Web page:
NEW YORK — Democrat Tom Suozzi leads Republican Mazi Melesa Pilip by 4% in a new poll of their special election battle for the Long Island seat previously held by disgraced ex-Rep. George Santos.
Suozzi holds a narrow 48%-to-44% lead over Pilip in the poll of likely voters in the NY-03 election set for Tuesday, according to the Siena College-Newsday poll released Thursday.
Pollster Don Levy suggested turnout will be comparatively light at about 25% and the results will be determined by the most regular voters in the suburban swing district.
“Relative turnout Democratic to Republican is indeed the dynamic that will probably turn the race,” Levy said.
The poll came out as Suozzi and Pilip prepared to clash in their only face-to-face debate ahead of the election set for Thursday night on the Long Island News 12 cable channel.
The election will help determine control of Congress and comes as the GOP clings to a narrow margin in the House.
The tiny edge was dramatized when Republicans fell a single vote short of impeaching Homeland Security Director Alejandro Mayorkas.
The survey of 694 voters in the district spanning the North Shore and a slice of Queens is the second poll to show Suozzi, who represented the district for three terms, with a modest advantage.
The poll included 39% Democrats and 39% Republicans with the rest being independents.
More Democrats than Republicans have voted in recent elections including the 2022 contest won by Santos when the electorate included 39% Democrats and 35% Republicans.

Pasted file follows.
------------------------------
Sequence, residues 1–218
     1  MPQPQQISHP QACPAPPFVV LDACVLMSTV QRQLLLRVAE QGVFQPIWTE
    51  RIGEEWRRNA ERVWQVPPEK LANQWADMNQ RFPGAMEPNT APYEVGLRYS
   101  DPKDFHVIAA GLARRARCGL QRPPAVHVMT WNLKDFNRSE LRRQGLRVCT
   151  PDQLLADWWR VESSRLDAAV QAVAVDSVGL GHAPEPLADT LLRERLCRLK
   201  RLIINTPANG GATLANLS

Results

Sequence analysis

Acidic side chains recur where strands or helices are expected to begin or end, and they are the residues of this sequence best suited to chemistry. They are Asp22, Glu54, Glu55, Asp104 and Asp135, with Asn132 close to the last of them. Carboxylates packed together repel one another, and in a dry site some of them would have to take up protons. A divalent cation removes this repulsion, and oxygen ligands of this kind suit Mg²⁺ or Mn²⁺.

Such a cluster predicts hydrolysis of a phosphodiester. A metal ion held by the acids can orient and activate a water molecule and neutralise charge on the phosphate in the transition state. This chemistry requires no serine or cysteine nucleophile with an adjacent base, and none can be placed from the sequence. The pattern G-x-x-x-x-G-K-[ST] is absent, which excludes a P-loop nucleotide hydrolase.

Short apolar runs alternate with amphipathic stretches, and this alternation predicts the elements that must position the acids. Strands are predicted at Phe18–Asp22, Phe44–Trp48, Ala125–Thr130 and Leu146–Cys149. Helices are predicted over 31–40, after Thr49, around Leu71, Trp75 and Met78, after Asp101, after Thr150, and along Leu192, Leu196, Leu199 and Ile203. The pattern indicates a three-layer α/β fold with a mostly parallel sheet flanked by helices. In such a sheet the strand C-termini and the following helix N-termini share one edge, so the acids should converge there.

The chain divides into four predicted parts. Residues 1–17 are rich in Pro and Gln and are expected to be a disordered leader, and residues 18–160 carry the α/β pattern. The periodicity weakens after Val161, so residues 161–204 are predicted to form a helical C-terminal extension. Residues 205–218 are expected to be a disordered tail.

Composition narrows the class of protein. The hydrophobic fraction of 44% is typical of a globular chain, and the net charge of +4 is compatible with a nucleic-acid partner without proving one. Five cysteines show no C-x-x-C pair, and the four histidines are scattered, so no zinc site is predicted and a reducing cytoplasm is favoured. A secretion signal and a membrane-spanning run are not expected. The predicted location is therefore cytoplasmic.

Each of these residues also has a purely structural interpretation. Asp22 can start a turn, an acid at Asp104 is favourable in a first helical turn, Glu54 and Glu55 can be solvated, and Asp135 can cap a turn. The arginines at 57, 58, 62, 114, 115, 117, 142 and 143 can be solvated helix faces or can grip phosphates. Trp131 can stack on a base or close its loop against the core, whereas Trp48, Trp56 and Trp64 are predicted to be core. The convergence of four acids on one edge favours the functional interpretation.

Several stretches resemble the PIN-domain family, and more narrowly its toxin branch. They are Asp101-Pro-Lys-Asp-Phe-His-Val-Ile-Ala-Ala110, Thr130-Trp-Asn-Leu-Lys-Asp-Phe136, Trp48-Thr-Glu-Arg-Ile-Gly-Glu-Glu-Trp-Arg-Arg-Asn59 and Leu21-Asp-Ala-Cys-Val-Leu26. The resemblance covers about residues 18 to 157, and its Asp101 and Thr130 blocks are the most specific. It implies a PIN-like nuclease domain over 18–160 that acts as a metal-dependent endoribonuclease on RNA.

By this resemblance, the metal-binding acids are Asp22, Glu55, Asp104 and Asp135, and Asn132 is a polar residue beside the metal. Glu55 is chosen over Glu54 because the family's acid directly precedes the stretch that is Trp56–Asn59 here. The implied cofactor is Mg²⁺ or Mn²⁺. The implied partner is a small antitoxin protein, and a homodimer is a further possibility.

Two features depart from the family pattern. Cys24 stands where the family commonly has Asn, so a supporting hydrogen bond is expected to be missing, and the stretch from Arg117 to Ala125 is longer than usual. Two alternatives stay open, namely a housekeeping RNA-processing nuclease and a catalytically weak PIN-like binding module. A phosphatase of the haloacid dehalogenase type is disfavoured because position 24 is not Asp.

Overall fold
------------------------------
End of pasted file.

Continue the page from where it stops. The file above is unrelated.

But Levy contends the electorate will look more like the off-year 2021 race for Nassau County executive that the GOP won.
The same Siena survey found former President Trump leading President Biden by a 47%-42% margin. If that proved true, the result would flip the script on Biden’s 8% win in the district in 2020.
The only other poll of NY-03 last month showed Suozzi with a similarly narrow lead, but found his edge could balloon to double digits if only the most likely of voters turn out.
So far, turnout has been fairly robust in early in-person and absentee mail-in voting, with both sets of voting data offering mostly good news for Suozzi.
After four days of early voting, registered Democrats held a 13.7% lead over Republicans, compared to a smaller 7.8% edge in 2022, according to Target Smart, a voting analysis firm. Among absentee ballots, Democrats led by 29% compared to a 26% edge in the race won by Santos.
“The early vote data thus far suggests Democrats are more engaged,” Tom Bonior, a Democratic analyst with Target Smart, told the News.
Republicans say they are pleased by strong early turnout in Pilip’s home base of Great Neck and note that GOP voters tend to vote in person on Election Day.